Micheál Martin has been elected as the new taoiseach (Irish Prime Minister) at a special meeting of the Irish Parliament in Dublin.
The 59-year-old Cork native has been the leader of the Fianna Fáil party since 2011.
He will lead a tripartite coalition consisting of Fianna Fáil, Fine Gael and the Green Party.
It is the first time in history that former Civil War rivals Fianna Fáil and Fine Gael have ruled together.
Martin is expected to lead the country until December 2021 before returning him to Leo Varadkar, the leader of Fine Gael.
In his acceptance speech, Martin said that being chosen to serve as a taoiseach was “one of the highest honors anyone can receive.”
He was chosen by the Dáil (Irish Parliament) in a special session on Saturday, held at the Dublin Convention Center, instead of his traditional home at Leinster House, due to Covid-19’s social distancing rules.
A majority of 93 Dáil members voted in favor of him taking over the role, while 63 members voted against him.
Later, Irish President Michael D Higgins presented Martin with his seal at the President’s official residence, Áras an Uacharáin, on Saturday afternoon.
Later, he must present his cabinet before the Dáil votes on his nominations.
Varadkar has been a caretaker for Taoiseach since the February general election.
No party came close to winning a majority in the poll that would allow them to rule alone, but the coronavirus pandemic halted coalition talks.
Fianna Fáil won the majority of the seats, but the two largest parties needed the support of the Greens to have an active majority in the Irish Parliament (the Dáil).
Party leaders and their negotiating teams agreed on a coalition agreement in early June.
On Friday, UK Prime Minister Boris Johnson tweeted: “Congratulations to Ireland for forming a new government and to Micheal Martin TD for becoming Taoiseach. Ireland is our closest neighbor, good friend and ally on issues like climate change , the global fight against Covid -19 and our shared values on human rights and democracy. ”
Scottish Prime Minister Nicola Sturgeon also tweeted her congratulations and said she looked forward to collaborating with Martin soon to “further strengthen the relationship between Scotland and Ireland.”
Analysis: BBC News NI Dublin Correspondent Shane Harrison
Micheál Martin was the only Fianna Fáil leader in the party’s history who did not serve as a taoiseach, but that changed today.
He will have the role for 30 months before handing it over to Fine Gael leader Leo Varadkar.
The two parties, both centrist, Fianna Fáil slightly to the left and Fine Gael to the right, have dominated state politics since its founding.
Although there has been little to separate them politically for decades, their decision to share power in government for the first time is historic.
But it is also a political necessity for its leaders to keep Sinn Féin, the party that garnered the most votes in the February general election, away from the government.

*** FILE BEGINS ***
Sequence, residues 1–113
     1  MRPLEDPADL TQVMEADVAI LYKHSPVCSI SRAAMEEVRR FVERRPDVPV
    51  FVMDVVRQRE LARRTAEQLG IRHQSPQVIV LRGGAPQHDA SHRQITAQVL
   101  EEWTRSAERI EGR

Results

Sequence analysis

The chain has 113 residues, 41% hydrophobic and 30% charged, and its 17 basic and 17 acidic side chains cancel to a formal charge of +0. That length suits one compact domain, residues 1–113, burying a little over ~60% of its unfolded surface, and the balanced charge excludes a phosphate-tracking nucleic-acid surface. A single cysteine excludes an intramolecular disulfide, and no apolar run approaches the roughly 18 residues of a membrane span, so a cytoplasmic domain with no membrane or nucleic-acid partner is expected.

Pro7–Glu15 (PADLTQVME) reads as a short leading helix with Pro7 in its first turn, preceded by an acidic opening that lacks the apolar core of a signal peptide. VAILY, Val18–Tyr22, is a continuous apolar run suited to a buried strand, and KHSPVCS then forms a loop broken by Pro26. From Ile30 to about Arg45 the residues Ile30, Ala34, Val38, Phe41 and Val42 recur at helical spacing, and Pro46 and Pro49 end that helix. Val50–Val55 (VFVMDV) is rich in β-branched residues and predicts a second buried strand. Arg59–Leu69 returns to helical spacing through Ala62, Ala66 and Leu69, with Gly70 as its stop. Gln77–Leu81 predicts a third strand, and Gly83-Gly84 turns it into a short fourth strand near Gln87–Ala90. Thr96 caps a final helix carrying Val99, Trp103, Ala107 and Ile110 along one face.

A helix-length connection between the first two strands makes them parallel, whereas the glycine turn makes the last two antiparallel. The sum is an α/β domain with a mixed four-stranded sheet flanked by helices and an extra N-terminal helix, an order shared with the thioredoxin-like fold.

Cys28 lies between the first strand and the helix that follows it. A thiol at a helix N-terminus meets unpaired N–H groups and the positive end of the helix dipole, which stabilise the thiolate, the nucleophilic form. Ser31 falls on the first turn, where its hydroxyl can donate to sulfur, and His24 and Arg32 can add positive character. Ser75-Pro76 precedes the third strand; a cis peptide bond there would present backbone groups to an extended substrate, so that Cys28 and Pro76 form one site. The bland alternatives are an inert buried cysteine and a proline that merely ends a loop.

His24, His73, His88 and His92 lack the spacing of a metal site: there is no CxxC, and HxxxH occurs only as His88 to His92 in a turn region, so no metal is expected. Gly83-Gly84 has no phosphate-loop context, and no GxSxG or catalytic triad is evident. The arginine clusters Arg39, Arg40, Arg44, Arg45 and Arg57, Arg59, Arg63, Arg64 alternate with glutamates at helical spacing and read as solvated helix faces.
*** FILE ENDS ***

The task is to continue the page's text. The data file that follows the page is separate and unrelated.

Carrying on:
Sinn Féin has accused the two of using the Greens as a “fig leaf” to hide their denial of the electorate’s demand for change.
All three parties have five years to refute those who claim that the new coalition is simply a slightly greener version of business, as is usual in areas like housing and dealing with climate change in a radical way.
A meeting between Martin and Northern Ireland’s first and deputy prime ministers, Arlene Foster and Michelle O’Neill, is likely in the coming days.
While there will be new faces, there will be some old issues to talk about, like Brexit and Covid-19.
Not everyone supported the new taoiseach during Saturday’s vote at the Convention Center.
‘Marriage of convenience’
Sinn Féin leader Mary Lou McDonald accused Fianna Fáil and Fine Gael of conspiring to exclude them from the government.
In the February elections, Sinn Féin obtained 24.5% of the first-choice votes, compared to 22% for Fianna Fáil and 21% for Fine Gael.
“At the prospect of losing control of power, Fianna Fáil and Fine Gael have circled around the wagons,” he said, claiming that the new coalition was a “marriage of convenience.”
But Norma Foley of Fianna Fáil nominated her party leader and said that Micheál Martin had a proud record of dedication to the people of Ireland.
He praised his past record in government and said “he has the talent and tenacity we need to lead the country with distinction.”
‘Civil war politics’
Fine Gael leader and outgoing taoiseach Leo Varadkar said his party would not make a nomination, but would instead support the nomination of Micheál Martin.
Referring to his two parties that joined a coalition for the first time, Varadkar said Saturday’s vote was a “historic occasion.”
“I think the politics of the Civil War ended a long time ago in our country, but today, the politics of the Civil War ends in our parliament,” he said.
“Two great parties unite with another great party, the Green Party, to offer what this country needs, a stable government for the betterment of our country and for the betterment of our world.”
Green Party leader Eamon Ryan also supported Mr. Martin’s nomination for taoiseach, saying that the leader of Fianna Fáil was “perfectly qualified to lead the country.”
He said the new coalition’s government program “provides a good plan; an immediate stimulus” and added that all three parties “will get to work early Monday morning.”
Labor leader Alan Kelly said his party would not support the Martin or McDonald nomination.
He said Sinn Fein was “simply making motions to appear interested in the government” and had not attempted to come up with a program for the government that could attract majority support.
People before making a profit Richard Boyd Barrett did not support Martin’s nomination and said the coalition program for the government was a “change and overheating of the same failed policies.”